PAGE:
Secular Shawl Ministry
January 12, 2009
Sometimes you want to knit something for somebody who is Up Against It. This needn’t be part of any spiritual practice you’ve got going, although it can be. I had a strong urge to knit this Kiri for a friend. Only while knitting it, and thinking of the recipient, did I realize that I probably wouldn’t be knitting it for her if she didn’t look so dang good in a shawl. Not everybody has shawl chops. Just saying.
The idea is that my friend will receive healing, galvanizing vibes from the potent fiber cocktail of cashmere shawl plus flannel nightgown (flannel nightgown sold separately). I imagine her curled up in a drafty house in the country, sipping a grappa in her Lanz of Salzburg nightie, looking impossibly romantic. She wraps the shawl snugly, thinking, “Wasn’t it nice of Kay to knit me a shawl?” (Be honest, my sister shawl missionaries. We totally want the recipient to think that.)
Orna volunteered to model the shawl. (She expressed her volunteerism by coming over for coffee. Thank you, Orna.) We had very bad light. You can tell it was snowing, from the light, right?
Here is how Kiri looked pre-blocking.
Here is Kiri after a very brief stint on the wires. Blocking is an amazing trick. So glad you turned me on to these wires. I really hate pin-blocking, but stringing a shawl up on wires seems like a fun craft project all by itself.
Git R Done Dept.
I’ve been in a rare state of productivity. This quilt came back from the machine quilter last week, and I got the binding on in a flash. When a quilt comes back from machine quilting, it is so very nearly DONE that I can’t wait to get the binding on. It’s no trouble at all to sit there for hours, blind-stitching away. I wish I felt that way about finishing sweaters.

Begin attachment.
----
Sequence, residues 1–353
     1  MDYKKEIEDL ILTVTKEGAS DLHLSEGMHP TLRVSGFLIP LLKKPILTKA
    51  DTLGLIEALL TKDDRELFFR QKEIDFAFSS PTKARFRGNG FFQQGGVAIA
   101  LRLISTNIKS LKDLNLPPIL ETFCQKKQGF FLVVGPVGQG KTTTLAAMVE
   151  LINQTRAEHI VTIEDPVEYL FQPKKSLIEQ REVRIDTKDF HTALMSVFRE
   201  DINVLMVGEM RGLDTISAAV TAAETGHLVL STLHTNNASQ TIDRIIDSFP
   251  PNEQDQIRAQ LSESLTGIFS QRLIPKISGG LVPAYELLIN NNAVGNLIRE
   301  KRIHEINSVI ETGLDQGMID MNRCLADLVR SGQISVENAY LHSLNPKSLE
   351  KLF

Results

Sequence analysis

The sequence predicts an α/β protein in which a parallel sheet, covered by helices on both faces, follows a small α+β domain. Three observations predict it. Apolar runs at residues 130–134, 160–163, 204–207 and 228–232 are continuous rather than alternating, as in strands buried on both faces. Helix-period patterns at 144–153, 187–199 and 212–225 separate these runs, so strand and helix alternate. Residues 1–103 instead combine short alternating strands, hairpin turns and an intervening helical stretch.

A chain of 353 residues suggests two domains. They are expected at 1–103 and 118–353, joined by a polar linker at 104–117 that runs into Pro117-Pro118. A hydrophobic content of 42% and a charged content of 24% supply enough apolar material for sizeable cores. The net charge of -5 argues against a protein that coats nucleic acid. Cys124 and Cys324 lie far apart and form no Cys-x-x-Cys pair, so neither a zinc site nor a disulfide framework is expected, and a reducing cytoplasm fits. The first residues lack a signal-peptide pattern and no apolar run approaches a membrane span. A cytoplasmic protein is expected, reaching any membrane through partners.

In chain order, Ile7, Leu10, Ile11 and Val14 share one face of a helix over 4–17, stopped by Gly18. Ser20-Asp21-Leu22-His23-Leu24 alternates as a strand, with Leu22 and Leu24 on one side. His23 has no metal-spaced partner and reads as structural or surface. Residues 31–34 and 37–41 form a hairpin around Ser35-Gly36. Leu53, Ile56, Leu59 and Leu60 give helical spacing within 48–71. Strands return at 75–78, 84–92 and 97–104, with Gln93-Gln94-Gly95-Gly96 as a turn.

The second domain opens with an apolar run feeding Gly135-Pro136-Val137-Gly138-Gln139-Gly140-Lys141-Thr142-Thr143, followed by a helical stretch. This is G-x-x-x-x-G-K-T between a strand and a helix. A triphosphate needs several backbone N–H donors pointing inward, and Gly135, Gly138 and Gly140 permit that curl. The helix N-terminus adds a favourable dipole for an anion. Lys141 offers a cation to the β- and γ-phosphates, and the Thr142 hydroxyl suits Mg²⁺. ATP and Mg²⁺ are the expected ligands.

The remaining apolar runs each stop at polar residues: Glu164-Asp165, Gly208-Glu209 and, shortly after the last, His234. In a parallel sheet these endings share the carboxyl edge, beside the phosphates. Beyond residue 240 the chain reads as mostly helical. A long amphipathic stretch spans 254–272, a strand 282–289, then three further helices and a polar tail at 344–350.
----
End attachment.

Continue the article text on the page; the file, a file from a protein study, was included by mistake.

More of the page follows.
For the quilters and future quilters out there, this is a pretty faithful rendition of Joelle Hoverson’s “Foursquare” (edited to add: erm, actually I think it’s called “Cutting Corners”) pattern from her fantastic book Last-Minute Patchwork and Quilted Gifts. The only thing I changed was the dimensions, so that I could make it with fabric on hand. I think it’s a little smaller than the one in the book. Perfect nap size. Covers lap and feet without smothering person or being a chore to fold.
I was surprised–honestly– to find that once again I put together the same colors I always do. “Hey! Chartreuse and slate blue!”–it always seems like a brand-new idea.
Finish a Blanket, Willya?
Remember this old chestnut, a random log cabin in Finnish wool, started long ago for Afghans for Afghans? It got lost in the knitting bag wilderness, and at the moment Afghans for Afghans does not have a call out for blankets. But I’m finishing it now, for this project for a homeless men’s shelter. I’ve dispensed with the “random” idea, which was slowing me down and creating a tangle of ends from so many narrow strips. Instead, I’m doing whole skeins in each direction. It’s a great subway/TV project. (FYI, Masterpiece Theatre is running those Girly Classics on Sunday nights again. Last night Tess of the D’Urbervilles finished up with much manly weeping. Next week it’s Wuthering Heights. A tasting menu of bad men. Fantastic!)